With experience, it is now clear that in a number of clinical situations percutaneous discectomy is particularly useful. Perhaps APLD could have the greatest impact in a patient who has had a reherniation at the site and level of previous disc surgery. Patients who reherniate after open back surgery constitute approximately 5% of that patient population. Of great importance is that success rates are lower for patients who are reoperated on with an additional open discectomy at the same level as previous surgery; moreover, these patients are exposed to a much higher morbidity as a result of the lack of tissue planes due to epidural fibrosis.
We have found that APLD can be an excellent procedure for this patient population. Since the route of the instrumentation in APLD takes a posterolateral course that avoids the epidural space, the presence of epidural fibrosis does not complicate the procedure or add morbidity, as it does in an open discectomy. Interestingly, excellent success rates have been reported (as high as 90%) in this patient population.4 These results have been confirmed by other investigators. Mirovsky et al.12 described the results with 10 patients with lumbar disc reherniation at the same level as an earlier open operation. With average follow-up of 2.5 years, 70% of their patients showed complete or significant pain relief while avoiding reoperation. Sixty percent showed diminution in motor deficit as well. Failures were in patients with spinal stenosis or segmental instability. In our own experience with 21 patients, 20 of whom had follow-up of 3 years or greater, 18 out of 20 were treated successfully.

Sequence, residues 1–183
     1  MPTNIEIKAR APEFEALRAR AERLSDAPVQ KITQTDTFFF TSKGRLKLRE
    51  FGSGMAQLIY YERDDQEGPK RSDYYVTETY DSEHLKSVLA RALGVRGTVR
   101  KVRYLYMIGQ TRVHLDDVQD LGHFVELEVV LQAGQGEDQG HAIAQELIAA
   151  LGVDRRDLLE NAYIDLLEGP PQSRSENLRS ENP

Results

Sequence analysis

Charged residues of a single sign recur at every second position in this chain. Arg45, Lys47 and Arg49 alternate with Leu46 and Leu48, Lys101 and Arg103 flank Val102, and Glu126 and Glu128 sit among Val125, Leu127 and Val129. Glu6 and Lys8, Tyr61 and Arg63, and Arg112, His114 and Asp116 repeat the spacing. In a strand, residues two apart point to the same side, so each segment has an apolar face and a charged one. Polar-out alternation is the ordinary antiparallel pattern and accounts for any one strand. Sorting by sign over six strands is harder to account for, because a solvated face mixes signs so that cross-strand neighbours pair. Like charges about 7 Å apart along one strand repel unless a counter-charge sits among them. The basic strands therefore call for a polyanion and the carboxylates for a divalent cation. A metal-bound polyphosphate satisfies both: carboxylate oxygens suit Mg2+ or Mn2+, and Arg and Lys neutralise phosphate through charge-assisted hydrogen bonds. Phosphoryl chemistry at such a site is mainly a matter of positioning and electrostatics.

The reason for the excellent success rate in this group of difficult-to-treat patients may be secondary to the fact that epidural fibrosis decreases the chances for a free fragment occurring. In addition, because of the epidural fibrosis, relatively small changes in the disc pressure may provide greater symptomatic relief. Last, it must not be overlooked that this patient population has already experienced an open discec-tomy and may be more satisfied with only partial pain relief in exchange for avoiding a repeat open operation. It is in this patient population that we believe that APLD is still markedly underutilized. Certainly, when one weighs the risk versus benefit of APLD, with its lack of morbid-ity and excellent success rates in this difficult to treat group of pa-tients, APLD appears to be the procedure of first choice in this clinical situation.
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